GridPoint GB



Version 2.2 is available in the App Store. It now includes an Apple Watch app, and can display a nearby postcode.

If you have a paper Ordnance Survey (OS) map, GridPoint GB makes it easy to locate yourself — even when you have no mobile reception.

GridPoint GB uses your iPhone’s GPS and compass to provide your current grid reference and heading, and illustrates how to use this to locate yourself on the map.

The app also:

Please note: this app works only in Britain (i.e. England, Scotland and Wales). It does not operate in other parts of the UK or British Isles — Northern Ireland or the Republic of Ireland — since the coordinate systems are not the same.

How do I get it?

GridPoint GB is free on the App Store.

How do I use it?

Open GridPoint GB and allow it access to your location. You may need to wait a few moments for your location to be determined. While the app is open, your location will continue to be updated. Reported accuracy should improve to better than 10m if you are out in the open.

Your National Grid reference is given to the nearest metre, with 5-digit easting (E) and northing (N) values, as seen in the screenshot above. The accuracy of the reference, in metres, is given immediately below these (+/-). Your grid heading, and its accuracy, are also provided.

Your location and its accuracy are illustrated, as they would be seen on the grid of an OS map, by a white + and a semi-transparent white circle. Your heading is shown by the orientation of the iPhone symbol.

To learn how to read an OS map, see the OS’s map reading resources.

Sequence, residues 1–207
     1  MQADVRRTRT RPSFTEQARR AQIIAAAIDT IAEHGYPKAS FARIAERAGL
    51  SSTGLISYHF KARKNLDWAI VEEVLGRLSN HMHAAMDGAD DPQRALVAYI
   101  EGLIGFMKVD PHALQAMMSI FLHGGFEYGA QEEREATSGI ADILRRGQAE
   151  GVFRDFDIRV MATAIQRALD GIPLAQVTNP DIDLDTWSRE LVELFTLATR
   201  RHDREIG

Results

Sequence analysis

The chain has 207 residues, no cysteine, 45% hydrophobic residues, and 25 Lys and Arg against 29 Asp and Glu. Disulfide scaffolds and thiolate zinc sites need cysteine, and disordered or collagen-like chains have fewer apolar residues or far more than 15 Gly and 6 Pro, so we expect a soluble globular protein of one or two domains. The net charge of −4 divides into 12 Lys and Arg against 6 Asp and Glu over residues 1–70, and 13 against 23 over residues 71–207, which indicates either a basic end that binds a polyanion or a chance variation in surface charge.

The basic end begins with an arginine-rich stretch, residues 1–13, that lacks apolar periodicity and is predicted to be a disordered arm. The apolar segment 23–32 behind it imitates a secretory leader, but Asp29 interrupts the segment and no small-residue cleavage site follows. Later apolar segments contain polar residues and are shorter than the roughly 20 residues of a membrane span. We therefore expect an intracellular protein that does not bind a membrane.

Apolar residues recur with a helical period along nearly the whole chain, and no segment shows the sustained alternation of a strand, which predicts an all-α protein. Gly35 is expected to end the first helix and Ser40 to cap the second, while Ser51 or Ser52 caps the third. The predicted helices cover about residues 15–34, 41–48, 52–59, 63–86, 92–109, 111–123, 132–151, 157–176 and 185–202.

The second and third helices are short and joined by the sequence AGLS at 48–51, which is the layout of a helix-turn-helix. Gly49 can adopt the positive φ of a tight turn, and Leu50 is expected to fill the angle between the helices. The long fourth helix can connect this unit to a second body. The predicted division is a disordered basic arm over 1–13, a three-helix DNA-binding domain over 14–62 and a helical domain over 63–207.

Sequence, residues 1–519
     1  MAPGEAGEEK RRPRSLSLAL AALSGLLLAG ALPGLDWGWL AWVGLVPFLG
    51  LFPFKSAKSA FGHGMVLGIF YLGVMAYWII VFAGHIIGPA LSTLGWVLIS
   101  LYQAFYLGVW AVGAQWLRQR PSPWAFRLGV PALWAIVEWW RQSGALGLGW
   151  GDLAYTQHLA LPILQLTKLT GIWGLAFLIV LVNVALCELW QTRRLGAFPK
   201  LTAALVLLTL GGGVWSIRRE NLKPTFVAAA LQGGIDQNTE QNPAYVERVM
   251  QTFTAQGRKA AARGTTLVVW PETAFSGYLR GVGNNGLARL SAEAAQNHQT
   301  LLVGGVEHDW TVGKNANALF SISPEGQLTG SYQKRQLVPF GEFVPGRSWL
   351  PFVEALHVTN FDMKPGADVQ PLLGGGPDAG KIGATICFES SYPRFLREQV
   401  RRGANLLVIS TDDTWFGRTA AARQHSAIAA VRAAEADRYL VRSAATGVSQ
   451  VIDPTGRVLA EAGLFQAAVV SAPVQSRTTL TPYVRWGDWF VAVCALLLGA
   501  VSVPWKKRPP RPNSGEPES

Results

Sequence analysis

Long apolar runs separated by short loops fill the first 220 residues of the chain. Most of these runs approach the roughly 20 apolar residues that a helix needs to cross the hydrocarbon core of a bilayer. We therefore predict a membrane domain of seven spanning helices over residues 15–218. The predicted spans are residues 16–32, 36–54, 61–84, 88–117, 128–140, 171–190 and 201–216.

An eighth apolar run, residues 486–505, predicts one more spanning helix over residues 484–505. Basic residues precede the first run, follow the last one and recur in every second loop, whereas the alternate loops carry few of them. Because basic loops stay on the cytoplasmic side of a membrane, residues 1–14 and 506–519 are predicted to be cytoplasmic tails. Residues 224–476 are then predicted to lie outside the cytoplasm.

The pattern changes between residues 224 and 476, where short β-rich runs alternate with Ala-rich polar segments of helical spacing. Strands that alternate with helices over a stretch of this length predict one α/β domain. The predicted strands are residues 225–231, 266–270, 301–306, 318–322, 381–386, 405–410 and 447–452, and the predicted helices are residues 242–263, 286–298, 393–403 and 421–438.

A note on grid references

Grid references are more commonly stated to the nearest 100m, with 3-digit eastings and northings. To convert a 5-digit easting or northing to a 4- or 3-digit one, just round off the rightmost 1 or 2 digits. For example, the 100m grid reference for the location shown in the screenshot is TQ 304 056.

How does it work?

OSTN02 logo

GridPoint GB converts the GPS WGS84 datum location reported by the iPhone into the OS standard OSGB36 datum.

It uses the OSTN02 National Grid Transformation, which OS makes freely available for this purpose, and which is accurate to within 1m. (The app also contains code implementing OSGM02, which converts WGS84 geoid height to height above mean sea level, but this is not currently exposed, since the iPhone does not report raw geoid height).

The app also calculates your heading relative to grid north, to display alongside the magnetic and true headings.

Grid north is calculated according to instructions in a 1983 OS publication and verified against a contemporary spreadsheet for coordinate calculations.

All conversion code is open-sourced on GitHub, and can also be used for batch conversions.

Confused? You don’t need to understand any of these details to make good use of GridPoint GB. But if you want to, OS provide an excellent introduction to coordinate systems.

Q & A

Does GridPoint GB use GPS (and run down my battery) in the background?

No. In fact, GridPoint GB does not run at all in the background. Simply quit the app (by pressing the home button) to terminate its use of GPS and any other resources.

I see a message “Self-test failed”. What should I do?

At launch, the app runs a variety of tests on the integrity of its conversion data and routines. These tests should not fail, so if you see this message, I’d like to hear about it. Please send me an email (see below).

What is your privacy policy?

GridPoint GB does not collect or transmit any data to anyone (except, if and when you purchase a tip, the necessary communications with Apple’s systems).


It’s always fascinating to hear how people use the app — it makes developing it worthwhile. Email me at george    mackerron com, or leave a review on the App Store.

GridPoint GB is completely free, but if you find it useful I’m also always happy to receive a tip (via in-app purchase: see the About tab within the app).

Last updated: August 2019